Dwayne Johnson, or The Rock as most will know him, has enjoyed a bounty of success over the past two decades. From the wrestling ring to the silver screen, Johnson has made a transition that a majority of the world can only dream of; even recently, there was buzz about him running a presidential campaign in the 2020 election. Whether or not Johnson is actually a bonafide actor remains to be seen– most of his roles seemingly only exist for his clothes to effortlessly shred to pieces while he battles a fire, an earthquake, or an evil task force of anti-GIs. This is certainly the case with his 2004 follow-up to the successful 2003 film The Rundown. While he does an admirable job as the intrinsically good and immovable protagonist, there’s not much here besides some half-baked action scenes and an uninspiring story.
Chris Vaughn (Dwayne Johnson) arrives home from a tour in Iraq to find his delightfully sleepy, Southern home-town taken over by a large casino– children are in to drugs, sex is openly sold on the street, you get the picture. While most of the town seems resigned to their fate, Vaughn takes umbrage with the recent decline in ethics and confronts a crooked dealer at the casino, only to be beaten up and cut open by some rogue security guards– yes, you read that right, he is actually cut open with a box cutter– and left for dead. To make matters worse, his nephew almost overdoses on a bad-batch of crystal meth that those very attackers are pedaling around town. After rehabbing, and fighting for himself in court, Vaughn vows to run for sheriff and, in what seems like three minutes of screen time, wins and fires the current force. He enlists the help of his friend Ray Templeton (Johnny Knoxville), an ex-junky that will lead them to the source of the drugs. As Vaughn gets closer to the truth, it’s clear that his childhood friend, the man who owns the casino, is the head of the beast and needs to be vanquished as stylistically as possible: complete with giant planks of woods, guns with unlimited ammunition, and a final face-off in an abandoned steel mill.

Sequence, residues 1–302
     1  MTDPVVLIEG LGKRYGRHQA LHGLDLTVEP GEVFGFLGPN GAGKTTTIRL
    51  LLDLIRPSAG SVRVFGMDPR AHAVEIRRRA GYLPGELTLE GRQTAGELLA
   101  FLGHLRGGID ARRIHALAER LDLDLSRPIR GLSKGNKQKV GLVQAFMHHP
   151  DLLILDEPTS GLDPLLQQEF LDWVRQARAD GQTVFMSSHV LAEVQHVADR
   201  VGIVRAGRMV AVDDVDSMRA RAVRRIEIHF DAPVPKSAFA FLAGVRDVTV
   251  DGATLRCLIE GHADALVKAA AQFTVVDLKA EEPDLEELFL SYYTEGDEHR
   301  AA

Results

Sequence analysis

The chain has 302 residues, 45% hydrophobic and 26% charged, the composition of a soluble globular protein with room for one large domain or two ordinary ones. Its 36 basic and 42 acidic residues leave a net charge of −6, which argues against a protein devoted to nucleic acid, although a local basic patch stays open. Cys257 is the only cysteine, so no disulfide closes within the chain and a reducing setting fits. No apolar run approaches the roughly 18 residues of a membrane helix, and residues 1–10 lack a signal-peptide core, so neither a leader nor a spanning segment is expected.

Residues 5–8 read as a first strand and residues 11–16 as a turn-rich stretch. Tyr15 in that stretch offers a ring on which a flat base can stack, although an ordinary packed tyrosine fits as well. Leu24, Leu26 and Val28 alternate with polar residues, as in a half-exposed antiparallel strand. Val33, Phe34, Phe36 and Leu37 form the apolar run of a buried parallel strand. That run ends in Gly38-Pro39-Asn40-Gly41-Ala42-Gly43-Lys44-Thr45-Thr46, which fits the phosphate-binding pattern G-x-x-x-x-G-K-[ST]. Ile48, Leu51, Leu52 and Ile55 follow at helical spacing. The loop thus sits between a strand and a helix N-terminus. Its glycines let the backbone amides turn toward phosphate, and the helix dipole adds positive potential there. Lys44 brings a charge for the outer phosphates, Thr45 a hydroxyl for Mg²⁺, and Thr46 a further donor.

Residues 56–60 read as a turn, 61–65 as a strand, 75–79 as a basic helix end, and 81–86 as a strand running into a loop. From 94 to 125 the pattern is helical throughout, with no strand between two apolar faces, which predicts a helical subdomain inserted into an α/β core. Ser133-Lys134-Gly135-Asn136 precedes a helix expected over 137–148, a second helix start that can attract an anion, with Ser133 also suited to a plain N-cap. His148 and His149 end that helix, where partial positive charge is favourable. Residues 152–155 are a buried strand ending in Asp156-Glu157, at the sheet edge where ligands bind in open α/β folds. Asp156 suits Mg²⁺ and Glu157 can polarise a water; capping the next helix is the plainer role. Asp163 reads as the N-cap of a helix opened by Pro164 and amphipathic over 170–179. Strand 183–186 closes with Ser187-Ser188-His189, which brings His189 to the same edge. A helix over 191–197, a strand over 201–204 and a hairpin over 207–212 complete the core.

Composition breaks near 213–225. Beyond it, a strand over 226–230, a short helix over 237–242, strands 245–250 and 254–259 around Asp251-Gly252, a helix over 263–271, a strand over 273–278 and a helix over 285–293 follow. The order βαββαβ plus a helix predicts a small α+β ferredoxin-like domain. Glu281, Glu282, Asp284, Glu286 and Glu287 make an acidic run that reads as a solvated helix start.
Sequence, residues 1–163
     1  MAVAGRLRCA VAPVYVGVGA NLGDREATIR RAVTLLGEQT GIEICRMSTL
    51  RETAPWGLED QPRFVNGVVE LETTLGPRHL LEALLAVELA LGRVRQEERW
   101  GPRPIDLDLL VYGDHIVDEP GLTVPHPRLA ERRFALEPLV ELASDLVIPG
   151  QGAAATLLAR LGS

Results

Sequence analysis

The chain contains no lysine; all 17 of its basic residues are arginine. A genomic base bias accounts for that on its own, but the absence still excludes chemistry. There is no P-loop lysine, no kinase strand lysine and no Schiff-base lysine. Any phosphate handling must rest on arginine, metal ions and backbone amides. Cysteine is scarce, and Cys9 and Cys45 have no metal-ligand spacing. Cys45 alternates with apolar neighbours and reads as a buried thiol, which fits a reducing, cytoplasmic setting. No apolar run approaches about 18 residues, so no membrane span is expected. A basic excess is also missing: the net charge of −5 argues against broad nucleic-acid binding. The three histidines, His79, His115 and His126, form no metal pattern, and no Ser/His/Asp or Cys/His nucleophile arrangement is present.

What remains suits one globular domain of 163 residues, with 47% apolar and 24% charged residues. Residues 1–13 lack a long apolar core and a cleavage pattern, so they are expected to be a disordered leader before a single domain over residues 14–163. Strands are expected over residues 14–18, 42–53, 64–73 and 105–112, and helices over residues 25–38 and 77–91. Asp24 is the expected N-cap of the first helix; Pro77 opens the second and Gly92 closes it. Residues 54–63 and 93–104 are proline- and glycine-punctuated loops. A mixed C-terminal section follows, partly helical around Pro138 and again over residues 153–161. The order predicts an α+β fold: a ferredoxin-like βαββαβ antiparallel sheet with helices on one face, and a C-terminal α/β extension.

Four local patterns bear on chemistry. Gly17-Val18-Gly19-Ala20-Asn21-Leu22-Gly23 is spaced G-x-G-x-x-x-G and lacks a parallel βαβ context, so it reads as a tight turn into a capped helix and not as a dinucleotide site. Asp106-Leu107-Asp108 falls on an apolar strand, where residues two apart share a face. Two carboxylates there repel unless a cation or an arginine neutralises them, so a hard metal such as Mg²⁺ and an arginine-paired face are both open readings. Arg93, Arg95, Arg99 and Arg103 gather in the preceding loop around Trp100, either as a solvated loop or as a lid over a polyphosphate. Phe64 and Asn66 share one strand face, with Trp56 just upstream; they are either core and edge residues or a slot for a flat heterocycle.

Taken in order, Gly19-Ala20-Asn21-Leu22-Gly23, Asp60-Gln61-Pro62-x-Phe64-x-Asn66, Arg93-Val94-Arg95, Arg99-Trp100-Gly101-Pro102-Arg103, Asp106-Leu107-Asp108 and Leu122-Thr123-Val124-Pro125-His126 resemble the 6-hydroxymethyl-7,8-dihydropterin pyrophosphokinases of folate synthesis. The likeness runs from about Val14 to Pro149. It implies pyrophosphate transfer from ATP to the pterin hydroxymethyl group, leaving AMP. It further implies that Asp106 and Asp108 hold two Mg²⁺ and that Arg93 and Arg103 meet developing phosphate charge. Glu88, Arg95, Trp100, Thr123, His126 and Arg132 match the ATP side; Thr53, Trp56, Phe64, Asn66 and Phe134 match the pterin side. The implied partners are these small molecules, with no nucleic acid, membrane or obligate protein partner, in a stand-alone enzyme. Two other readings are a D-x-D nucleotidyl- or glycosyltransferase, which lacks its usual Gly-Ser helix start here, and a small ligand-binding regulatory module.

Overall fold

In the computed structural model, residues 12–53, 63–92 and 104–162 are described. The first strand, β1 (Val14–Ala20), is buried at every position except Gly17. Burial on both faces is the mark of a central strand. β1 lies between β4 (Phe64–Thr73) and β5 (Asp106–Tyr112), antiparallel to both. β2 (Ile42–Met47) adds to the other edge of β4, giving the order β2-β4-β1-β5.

Walking Tall is honestly as good as you would expect it to be, considering plot and the group of actors bringing it to life. The trouble is that the film’s events are based in reality and, sometimes, reality is stranger than fiction. The film’s director, Kevin Bray takes a dumbed-down approach to what could actually be a compelling story about police corruption, mob connections, and vengeance (look up the story of Buford Pusser for more details). By reducing the contents of this movie to “watch The Rock beat up a bunch of dudes with some wood!” he’s actually doing the source material a disservice and creating an unmemorable movie in the process.
Considering that, none of the performances feel phoned in. Johnson is servicable in a role without much depth besides “ex-soldier with some gripes” and Johnny Knoxville is surprisingly entertaining in one of his first big roles post Jackass. Throw a stereotypical, bleach-haired white guy as the antagonist and a completely uninspiring love interest and you’ve got Walking Tall.
Matt: Watch if you like stories about soldiers and The Rock Gabe: Don't watch